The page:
Commentary

Elaine Wah

Modern Markets, Modern Metrics - A Blog By IEX

In this blog by IEX's Elaine Wah, the newest public exchange looks to refute public claims that the metrics it uses are designed to inflate its own volume numbers and mislead people.

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December 1, 2001

Commerce and Culture

By John A. Byrne

A phrase made famous by Franklin D. Roosevelt is repeated in times of economic and political

distress: fear nothing but fear itself. This advice, although generally sensible, can sometimes turn idiotic. It can lead to hubris. It can lead to a form of unbridled capitalism expressed in the relentless love of material possessions. This phenomena may have had its apotheosis in the wake of the Sept. 11 tragedy when the Mayor of New York, Rudolph Giuliani, urged New Yorkers to hit the theatre district, to have dinner in Manhattan and to spend like wanton heathens. The mayor, who did not intend to be disrespectful, was clearly aware of how money and consumption are at the backbone of New York commerce and culture.

The famous FDR phrase has jumped into vogue again as the American economy enters the early phases of a recession. It comes after a prolonged period of yes, unbridled capitalism, in which millions and billions were made by ordinary folks, bricklayers and bartenders, cabbies and chambermaids. Now some of these folks are hopping mad. Some will probably hit the medicine cabinet. A recent survey of 1,000 U.S. investors, conducted after Sept. 11 by Cigna Retirement and Investment Services, showed that an alarming number are starting to distrust the stock market. Forty-seven percent planned to make switches in their retirement accounts if the markets do not recover soon; 17 percent would switch to more conservative investments; 15 percent would save more while 10 percent would put their assets into more aggressive investments.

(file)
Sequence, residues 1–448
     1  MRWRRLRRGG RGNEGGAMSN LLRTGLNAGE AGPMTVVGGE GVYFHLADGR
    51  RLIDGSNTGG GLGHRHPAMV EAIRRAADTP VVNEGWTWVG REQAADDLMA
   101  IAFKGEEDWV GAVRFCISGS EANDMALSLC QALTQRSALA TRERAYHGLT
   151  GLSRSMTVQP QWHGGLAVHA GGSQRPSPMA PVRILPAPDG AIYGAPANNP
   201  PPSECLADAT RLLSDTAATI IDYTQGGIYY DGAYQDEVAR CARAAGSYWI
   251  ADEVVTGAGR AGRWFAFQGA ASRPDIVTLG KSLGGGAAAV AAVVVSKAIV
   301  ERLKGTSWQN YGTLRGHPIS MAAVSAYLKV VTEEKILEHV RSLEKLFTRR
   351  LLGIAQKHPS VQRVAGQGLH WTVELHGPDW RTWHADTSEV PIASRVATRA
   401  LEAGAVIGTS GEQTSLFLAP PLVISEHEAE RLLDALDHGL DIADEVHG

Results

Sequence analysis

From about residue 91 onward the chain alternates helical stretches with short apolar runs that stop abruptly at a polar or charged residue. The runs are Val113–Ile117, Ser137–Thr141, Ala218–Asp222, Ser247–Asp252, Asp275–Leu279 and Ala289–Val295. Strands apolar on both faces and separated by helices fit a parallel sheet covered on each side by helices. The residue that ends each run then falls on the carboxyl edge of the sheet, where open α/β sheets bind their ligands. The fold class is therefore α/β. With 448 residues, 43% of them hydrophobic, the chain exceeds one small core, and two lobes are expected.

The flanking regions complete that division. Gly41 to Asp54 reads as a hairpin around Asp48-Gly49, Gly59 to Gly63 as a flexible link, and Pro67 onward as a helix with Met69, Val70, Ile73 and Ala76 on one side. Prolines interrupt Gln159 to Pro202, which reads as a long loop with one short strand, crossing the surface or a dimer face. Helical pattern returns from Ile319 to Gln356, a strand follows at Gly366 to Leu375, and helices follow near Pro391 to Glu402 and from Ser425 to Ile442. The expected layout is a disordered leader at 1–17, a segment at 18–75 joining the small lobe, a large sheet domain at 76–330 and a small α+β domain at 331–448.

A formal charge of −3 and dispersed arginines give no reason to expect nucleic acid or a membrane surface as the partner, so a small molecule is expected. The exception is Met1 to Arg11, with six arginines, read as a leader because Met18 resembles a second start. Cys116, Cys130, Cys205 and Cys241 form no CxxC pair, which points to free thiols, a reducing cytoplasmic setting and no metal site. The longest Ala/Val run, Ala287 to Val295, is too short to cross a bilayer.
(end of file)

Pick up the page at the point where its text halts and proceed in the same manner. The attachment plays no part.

Can you blame the average Joe for thinking the stock market might actually be no better than a slot machine in Vegas that eats up hard-earned money and, only once in a while, pays outsized winnings? The Nasdaq composite index is down some 60 percent from its March 2000 peak; the Dow has lost about 11 percent this year. Nearly $30 billion, a record, was yanked from U.S. stock mutual funds in September. The health of the U.S. stock market will influence the shape of the trading industry. If the market does not recover soon, firms that depend on equity order flow as a primary source of revenue will have trouble. However, a prolonged bear market could encourage the SEC to be, dare I say, less reform minded. On the other hand, SEC Chairman Harvey Pitt might be tempted to support a mandatory central limit order book if it leads to cost-savings and stimulates markets. One industry gadfly, Junius Peake, a former NASD governor and a professor at the University of Northern Colorado, contends that a mandatory CLOB, as well as other fixes, could turn trading into a more commoditized business. That, in turn, could reduce trading costs by 50 to 60 percent, he says. It sounds like a wild figure, a figure that some will dispute since a mandatory CLOB would hurt many traders. But a weak economy, a prolonged bear market, could force lawmakers and pressure groups on Wall Street to demand money-saving reforms such as Peake's. These new reforms would not be cushioned by the same economic harvests as the 90s. Sure, the reforms could succeed. But they must not exacerbate our worst fears, or encourage hubris. They should renew our self-confidence. They should bring the markets back. It is the American way.

John A. Byrne

Editor